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The success rate for translation of newly engineered medical technologies into clinical practice is low. Traversing the “translational valleys of death” requires a high level of knowledge of the complex landscape of technical, ethical, regulatory, and commercialization challenges along a multi-agency path of approvals. The Indiana Clinical and Translational Sciences Institute developed a program targeted at increasing that success rate through comprehensive training, education, and resourcing. The Medical Technology Advance Program (MTAP) provides technical, educational, and consultative assistance to investigators that leverages partnerships with experts in the health products industry to speed progress toward clinical implementation. The training, resourcing, and guidance are integrated through the entire journey of medical technology translation. Investigators are supported through a set of courses that cover bioethics, ethical engineering, preclinical and clinical study design, regulatory submissions, entrepreneurship, and commercialization. In addition to the integrated technical and educational resources, program experts provide direct consultation for planning each phase along the life cycle of translation. Since 2008, nearly 200 investigators have gained assistance from MTAP resulting in over 100 publications and patents. This support via medicine–engineering–industry partnership provides a unique and novel opportunity to expedite new medical technologies into clinical and product implementation.
The Rapid ASKAP Continuum Survey (RACS) is the first large-area survey to be conducted with the full 36-antenna Australian Square Kilometre Array Pathfinder (ASKAP) telescope. RACS will provide a shallow model of the ASKAP sky that will aid the calibration of future deep ASKAP surveys. RACS will cover the whole sky visible from the ASKAP site in Western Australia and will cover the full ASKAP band of 700–1800 MHz. The RACS images are generally deeper than the existing NRAO VLA Sky Survey and Sydney University Molonglo Sky Survey radio surveys and have better spatial resolution. All RACS survey products will be public, including radio images (with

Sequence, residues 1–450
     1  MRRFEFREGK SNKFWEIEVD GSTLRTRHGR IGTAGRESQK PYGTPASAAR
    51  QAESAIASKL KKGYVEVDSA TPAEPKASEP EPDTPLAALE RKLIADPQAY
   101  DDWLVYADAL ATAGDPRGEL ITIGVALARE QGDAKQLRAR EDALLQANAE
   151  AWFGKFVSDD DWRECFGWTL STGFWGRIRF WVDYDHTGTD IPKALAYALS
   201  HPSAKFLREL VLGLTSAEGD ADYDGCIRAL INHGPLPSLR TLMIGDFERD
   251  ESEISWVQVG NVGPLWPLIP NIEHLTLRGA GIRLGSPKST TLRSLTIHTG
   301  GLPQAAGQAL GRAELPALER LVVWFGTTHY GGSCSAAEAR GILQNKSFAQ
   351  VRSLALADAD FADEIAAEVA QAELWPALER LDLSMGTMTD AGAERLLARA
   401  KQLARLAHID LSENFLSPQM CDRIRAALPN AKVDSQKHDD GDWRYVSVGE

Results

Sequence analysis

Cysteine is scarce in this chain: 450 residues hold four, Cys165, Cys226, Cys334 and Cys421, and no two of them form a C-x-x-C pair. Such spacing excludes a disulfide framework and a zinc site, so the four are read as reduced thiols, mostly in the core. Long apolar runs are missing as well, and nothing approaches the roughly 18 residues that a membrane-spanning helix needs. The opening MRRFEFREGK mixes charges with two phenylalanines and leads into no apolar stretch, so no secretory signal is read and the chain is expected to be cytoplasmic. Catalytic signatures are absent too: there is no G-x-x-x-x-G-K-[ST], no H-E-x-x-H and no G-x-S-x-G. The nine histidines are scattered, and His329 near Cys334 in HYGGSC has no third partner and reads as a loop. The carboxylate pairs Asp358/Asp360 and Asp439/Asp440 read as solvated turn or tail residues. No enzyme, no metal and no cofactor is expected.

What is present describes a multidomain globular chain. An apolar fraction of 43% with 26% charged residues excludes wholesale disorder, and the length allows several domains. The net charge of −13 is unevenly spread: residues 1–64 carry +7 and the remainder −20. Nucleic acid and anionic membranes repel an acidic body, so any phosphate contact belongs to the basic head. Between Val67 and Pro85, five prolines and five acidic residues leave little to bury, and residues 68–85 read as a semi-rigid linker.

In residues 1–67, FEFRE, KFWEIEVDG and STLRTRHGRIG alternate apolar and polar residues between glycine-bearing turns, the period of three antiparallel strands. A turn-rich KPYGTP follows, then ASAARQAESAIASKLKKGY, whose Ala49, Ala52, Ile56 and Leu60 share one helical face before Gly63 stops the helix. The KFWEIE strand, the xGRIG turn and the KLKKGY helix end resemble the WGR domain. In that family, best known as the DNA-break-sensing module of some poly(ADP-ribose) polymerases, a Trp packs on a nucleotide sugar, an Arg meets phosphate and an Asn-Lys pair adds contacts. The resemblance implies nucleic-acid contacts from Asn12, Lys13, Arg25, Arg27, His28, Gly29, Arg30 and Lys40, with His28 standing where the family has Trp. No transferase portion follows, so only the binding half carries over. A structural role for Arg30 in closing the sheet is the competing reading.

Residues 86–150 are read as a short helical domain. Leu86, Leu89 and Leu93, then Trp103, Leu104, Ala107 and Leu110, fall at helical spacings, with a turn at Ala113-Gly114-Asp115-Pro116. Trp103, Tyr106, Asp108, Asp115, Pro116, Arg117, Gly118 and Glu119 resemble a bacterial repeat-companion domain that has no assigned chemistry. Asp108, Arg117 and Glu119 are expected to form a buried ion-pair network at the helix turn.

15 arcsec resolution) and catalogues of about three million source components with spectral index and polarisation information. In this paper, we present a description of the RACS survey and the first data release of 903 images covering the sky south of declination
made over a 288-MHz band centred at 887.5 MHz.
This chapter comprises the following sections: names, taxonomy, subspecies and distribution, descriptive notes, habitat, movements and home range, activity patterns, feeding ecology, reproduction and growth, behavior, parasites and diseases, status in the wild, and status in captivity.
We describe 14 yr of public data from the Parkes Pulsar Timing Array (PPTA), an ongoing project that is producing precise measurements of pulse times of arrival from 26 millisecond pulsars using the 64-m Parkes radio telescope with a cadence of approximately 3 weeks in three observing bands. A comprehensive description of the pulsar observing systems employed at the telescope since 2004 is provided, including the calibration methodology and an analysis of the stability of system components. We attempt to provide full accounting of the reduction from the raw measured Stokes parameters to pulse times of arrival to aid third parties in reproducing our results. This conversion is encapsulated in a processing pipeline designed to track provenance. Our data products include pulse times of arrival for each of the pulsars along with an initial set of pulsar parameters and noise models. The calibrated pulse profiles and timing template profiles are also available. These data represent almost 21 000 h of recorded data spanning over 14 yr. After accounting for processes that induce time-correlated noise, 22 of the pulsars have weighted root-mean-square timing residuals of